The Olive: Poetry

By Harlow Soderborg Clark


This Tree is light to the world.

The fruit of its fruit light to the mind

Fire to the lamp, calm to troubled waters.

The fruit bears its fruit by being crushed:

Salt well in a stone box

Add purgatives—vinegar is good

Let sit.

Crush between two grinding stones driven by a mule

Kissed by a whip

Till the skins break

Repeat to the lees, then burn the mash on a torch.

If the oil enlightens your soul

You will see the beaten traveller

There, by the side of the road, as you head down to Jericho

Pour it on his broken skin.


This man, light of endless worlds,

Praying near the trunk

Feels the branches enfolding him,

Folding him in—kneading, pressing

Till the skin breaks and it is not oil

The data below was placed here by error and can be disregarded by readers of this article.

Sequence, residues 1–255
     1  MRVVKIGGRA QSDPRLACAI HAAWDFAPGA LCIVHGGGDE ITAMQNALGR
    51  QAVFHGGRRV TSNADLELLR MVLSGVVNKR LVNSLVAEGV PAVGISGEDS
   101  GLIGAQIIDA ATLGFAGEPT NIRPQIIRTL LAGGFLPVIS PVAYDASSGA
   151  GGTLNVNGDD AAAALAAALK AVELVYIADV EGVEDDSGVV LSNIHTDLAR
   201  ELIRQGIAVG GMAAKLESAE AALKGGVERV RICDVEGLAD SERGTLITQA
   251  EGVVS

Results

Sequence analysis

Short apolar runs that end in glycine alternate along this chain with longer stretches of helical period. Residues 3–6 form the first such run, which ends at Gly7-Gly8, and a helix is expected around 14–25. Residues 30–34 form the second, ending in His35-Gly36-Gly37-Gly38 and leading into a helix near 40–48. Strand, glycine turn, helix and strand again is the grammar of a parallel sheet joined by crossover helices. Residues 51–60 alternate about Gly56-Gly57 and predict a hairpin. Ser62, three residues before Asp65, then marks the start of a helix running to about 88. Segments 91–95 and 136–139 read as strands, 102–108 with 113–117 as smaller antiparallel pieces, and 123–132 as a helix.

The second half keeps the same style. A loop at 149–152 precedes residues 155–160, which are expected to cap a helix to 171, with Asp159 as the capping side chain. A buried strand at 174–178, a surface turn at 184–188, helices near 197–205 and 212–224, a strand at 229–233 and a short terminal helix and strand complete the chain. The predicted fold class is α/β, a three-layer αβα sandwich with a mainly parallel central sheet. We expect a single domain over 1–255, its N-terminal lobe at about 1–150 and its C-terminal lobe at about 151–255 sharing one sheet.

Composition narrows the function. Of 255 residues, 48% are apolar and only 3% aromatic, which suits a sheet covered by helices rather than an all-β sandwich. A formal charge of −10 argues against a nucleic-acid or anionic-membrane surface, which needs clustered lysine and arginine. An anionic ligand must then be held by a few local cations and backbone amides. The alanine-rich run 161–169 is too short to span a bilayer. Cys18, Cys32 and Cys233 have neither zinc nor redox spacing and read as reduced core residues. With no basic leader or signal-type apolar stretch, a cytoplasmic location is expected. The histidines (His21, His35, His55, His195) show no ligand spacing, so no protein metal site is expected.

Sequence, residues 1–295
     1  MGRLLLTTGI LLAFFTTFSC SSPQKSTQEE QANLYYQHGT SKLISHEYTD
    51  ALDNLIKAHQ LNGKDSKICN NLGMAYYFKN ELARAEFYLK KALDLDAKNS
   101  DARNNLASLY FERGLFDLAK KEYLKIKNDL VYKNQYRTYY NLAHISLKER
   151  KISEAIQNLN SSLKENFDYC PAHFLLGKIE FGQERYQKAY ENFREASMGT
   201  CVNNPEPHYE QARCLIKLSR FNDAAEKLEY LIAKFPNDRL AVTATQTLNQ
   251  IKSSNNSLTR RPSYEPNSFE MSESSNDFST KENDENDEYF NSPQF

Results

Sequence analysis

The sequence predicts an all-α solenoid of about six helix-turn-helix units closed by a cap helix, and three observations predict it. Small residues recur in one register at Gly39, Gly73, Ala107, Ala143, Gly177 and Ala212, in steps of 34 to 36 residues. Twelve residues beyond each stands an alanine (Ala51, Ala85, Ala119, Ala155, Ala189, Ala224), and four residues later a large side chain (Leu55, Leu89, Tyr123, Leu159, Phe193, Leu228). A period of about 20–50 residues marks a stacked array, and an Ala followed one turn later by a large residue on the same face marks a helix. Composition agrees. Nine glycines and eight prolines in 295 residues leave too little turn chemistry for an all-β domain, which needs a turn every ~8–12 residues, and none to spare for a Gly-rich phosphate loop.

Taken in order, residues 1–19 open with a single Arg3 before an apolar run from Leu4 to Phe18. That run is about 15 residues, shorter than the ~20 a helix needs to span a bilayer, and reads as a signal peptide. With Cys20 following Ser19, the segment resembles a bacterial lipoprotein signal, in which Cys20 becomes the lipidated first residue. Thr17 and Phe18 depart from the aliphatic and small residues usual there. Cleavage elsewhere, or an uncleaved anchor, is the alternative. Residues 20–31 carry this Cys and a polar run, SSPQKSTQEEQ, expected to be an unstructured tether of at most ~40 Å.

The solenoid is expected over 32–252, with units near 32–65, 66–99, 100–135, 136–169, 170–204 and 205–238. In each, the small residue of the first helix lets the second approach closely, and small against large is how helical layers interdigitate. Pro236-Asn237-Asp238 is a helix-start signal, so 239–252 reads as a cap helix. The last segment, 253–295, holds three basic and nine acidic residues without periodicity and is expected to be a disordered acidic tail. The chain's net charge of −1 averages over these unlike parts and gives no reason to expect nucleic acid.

Which will spill on ground that will shake tomorrow

Like waves tossing the boat

His nearby friends dream they are sleeping in—unaware

A friend will whip him with a kiss

Enemies whip nails through his palms and wrists

And spear him up a sponge of vinegar through his ribs.


After the healing has all flowed out

Layer him in linen

Salt him away in a stone room

Post sentinels to guard the rock that guards the room

That guards the shroud that keeps the dead

Dead—till the earth rolls the death stone like a boat

Tossed in stormy dreams and the empty cloths fold themselves

And Mary hears her name spoken

Not by the gardner.


But first, now, the tree draws him closer, tighter

Glowing in the approaching torchlight

As if dripping oil.


(Originally published in Wilderness Interface Zone)